By Stone Washington
The Steamboat Institute, in partnership with the Ed Snider Center on Free Enterprise, recently hosted an exhilarating discussion between two respected experts in financial investing. The debate, held at the University of Maryland College Park (UMCP), addressed how environmental, social, and governance (ESG) factors impacted individual investment decisions. As part of every Campus Liberty Tour debate, Steamboat posed a thematic statement to assess what people really thought about ESG. The statement gauged whether “ESG investment practices are harmful to the economy,” leaving audience members to poll either in favor or against this.
Arguing for the affirmative Michael Faulkender, Professor of Finance in the Robert H Smith Business School. Arguing in the negative was Desiree Fixler, a sustainable finance professional. Moderating the debate was Gerard Baker, Editor-at-Large of the Wall Street Journal. Baker situated the topic as part of the broader debate over how ESG is factored toward investment decision-making.
Baker pondered whether asset managers should be given free rein to utilize investments to pursue environmental objectives or social justice causes. With the understanding that these firms are doing what is “right for the world” and “right for humanity.” Or, should individual investors possess the sole authority to decide how their investments are utilized, whether for ESG or not?
Some critics assert that individual investors and (in certain cases) policymakers, possess exclusive control over ESG investing decisions. The pre-debate poll found that among 150 individuals, 51 percent felt that ESG investment practices were not harmful to the economy, compared to 30 percent who were unsure, and 19 percent who felt it was harmful. This meant that only a razor thin majority of viewers felt that ESG investment practices were not harmful, leaving the other half of the audience split between perceiving ESG as harmful or being unsure about ESG.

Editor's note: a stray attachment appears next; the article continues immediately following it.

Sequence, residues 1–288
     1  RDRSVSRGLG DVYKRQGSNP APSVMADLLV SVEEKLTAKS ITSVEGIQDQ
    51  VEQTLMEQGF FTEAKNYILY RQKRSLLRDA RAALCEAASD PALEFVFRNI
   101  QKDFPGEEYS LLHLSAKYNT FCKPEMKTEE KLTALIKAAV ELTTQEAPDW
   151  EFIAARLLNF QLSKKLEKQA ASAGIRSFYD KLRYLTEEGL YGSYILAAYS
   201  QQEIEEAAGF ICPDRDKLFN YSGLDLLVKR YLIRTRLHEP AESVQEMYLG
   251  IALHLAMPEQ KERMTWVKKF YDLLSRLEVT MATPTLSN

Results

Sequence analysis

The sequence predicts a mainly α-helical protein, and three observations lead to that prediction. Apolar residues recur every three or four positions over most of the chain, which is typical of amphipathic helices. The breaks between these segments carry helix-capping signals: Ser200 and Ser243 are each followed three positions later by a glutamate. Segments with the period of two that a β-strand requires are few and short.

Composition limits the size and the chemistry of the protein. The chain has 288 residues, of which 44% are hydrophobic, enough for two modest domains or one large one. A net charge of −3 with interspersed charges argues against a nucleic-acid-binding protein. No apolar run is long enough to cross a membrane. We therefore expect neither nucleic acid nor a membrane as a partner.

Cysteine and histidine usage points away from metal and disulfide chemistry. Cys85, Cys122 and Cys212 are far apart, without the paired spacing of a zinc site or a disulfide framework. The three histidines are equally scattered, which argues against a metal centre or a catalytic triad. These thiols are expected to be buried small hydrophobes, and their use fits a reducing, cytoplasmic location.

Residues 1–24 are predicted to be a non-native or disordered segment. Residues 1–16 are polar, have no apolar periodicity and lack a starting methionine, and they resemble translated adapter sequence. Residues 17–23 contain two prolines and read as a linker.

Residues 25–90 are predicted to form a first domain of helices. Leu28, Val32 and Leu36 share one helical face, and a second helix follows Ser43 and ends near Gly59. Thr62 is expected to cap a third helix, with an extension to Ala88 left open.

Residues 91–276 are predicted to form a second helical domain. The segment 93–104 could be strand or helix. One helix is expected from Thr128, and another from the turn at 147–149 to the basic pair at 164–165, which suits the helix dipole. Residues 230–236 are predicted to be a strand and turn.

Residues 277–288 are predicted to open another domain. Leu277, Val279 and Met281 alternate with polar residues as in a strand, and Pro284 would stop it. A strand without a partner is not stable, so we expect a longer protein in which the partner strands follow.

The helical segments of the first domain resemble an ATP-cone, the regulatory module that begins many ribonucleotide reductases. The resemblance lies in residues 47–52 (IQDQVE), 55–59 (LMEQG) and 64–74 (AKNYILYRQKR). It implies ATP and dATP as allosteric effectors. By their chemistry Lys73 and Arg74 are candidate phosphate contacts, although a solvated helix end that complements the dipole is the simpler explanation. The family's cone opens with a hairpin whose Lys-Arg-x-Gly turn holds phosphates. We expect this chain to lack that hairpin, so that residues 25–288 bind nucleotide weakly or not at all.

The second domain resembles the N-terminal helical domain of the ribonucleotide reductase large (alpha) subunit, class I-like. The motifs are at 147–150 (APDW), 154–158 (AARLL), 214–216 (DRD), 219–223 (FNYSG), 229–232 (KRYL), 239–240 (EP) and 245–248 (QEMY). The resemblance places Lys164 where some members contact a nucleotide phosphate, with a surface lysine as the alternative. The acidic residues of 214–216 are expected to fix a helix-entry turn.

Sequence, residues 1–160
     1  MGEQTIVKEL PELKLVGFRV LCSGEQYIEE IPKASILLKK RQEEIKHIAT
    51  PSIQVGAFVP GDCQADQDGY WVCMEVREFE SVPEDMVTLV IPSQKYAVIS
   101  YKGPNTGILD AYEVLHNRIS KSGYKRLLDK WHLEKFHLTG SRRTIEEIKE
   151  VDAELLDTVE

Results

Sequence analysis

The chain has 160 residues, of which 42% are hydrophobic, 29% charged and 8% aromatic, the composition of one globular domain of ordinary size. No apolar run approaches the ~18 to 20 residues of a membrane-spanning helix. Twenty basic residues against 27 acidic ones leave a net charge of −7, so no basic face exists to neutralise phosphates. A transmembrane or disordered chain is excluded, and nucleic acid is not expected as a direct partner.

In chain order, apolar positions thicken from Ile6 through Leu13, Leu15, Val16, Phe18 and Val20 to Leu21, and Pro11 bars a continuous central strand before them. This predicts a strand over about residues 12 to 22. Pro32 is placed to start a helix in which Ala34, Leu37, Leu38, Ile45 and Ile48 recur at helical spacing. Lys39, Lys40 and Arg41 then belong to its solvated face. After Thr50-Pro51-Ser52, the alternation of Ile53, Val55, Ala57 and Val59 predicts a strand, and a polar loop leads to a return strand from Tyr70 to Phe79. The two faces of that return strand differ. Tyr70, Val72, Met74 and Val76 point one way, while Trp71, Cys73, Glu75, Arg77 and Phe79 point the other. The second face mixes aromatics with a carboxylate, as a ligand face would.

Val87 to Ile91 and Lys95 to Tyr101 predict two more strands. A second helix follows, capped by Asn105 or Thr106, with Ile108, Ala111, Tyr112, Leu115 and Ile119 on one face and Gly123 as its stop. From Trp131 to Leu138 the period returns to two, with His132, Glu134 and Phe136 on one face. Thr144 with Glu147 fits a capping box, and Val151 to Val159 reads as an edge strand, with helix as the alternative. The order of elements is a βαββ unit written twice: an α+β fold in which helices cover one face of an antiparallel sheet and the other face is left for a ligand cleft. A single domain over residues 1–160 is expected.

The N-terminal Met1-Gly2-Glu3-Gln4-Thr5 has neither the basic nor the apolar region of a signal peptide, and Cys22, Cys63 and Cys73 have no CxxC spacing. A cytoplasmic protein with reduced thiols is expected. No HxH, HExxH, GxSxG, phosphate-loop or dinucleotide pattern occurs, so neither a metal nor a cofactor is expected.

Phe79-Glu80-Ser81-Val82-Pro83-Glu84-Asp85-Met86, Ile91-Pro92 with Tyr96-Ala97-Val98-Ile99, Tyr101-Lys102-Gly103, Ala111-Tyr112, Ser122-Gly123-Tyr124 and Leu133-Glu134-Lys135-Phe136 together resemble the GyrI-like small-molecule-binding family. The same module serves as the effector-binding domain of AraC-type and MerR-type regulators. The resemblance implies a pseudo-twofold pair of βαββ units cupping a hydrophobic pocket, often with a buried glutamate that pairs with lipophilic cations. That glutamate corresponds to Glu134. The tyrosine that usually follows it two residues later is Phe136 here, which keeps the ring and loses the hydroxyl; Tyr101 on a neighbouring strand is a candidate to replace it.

Given that ESG investing has been a niche topic among investors and scholars alike, public unawareness of this issue is not surprising. Professor Faulkender provided opening remarks to kick off the debate. The central issue raised was how investors are two steps removed from managing their capital. For an investment vehicle like ESG, decisions are managed not by individual investors, but by corporate leaders, portfolio managers, and a range of institutional investors (i.e., mutual funds, exchange-traded funds, etc.).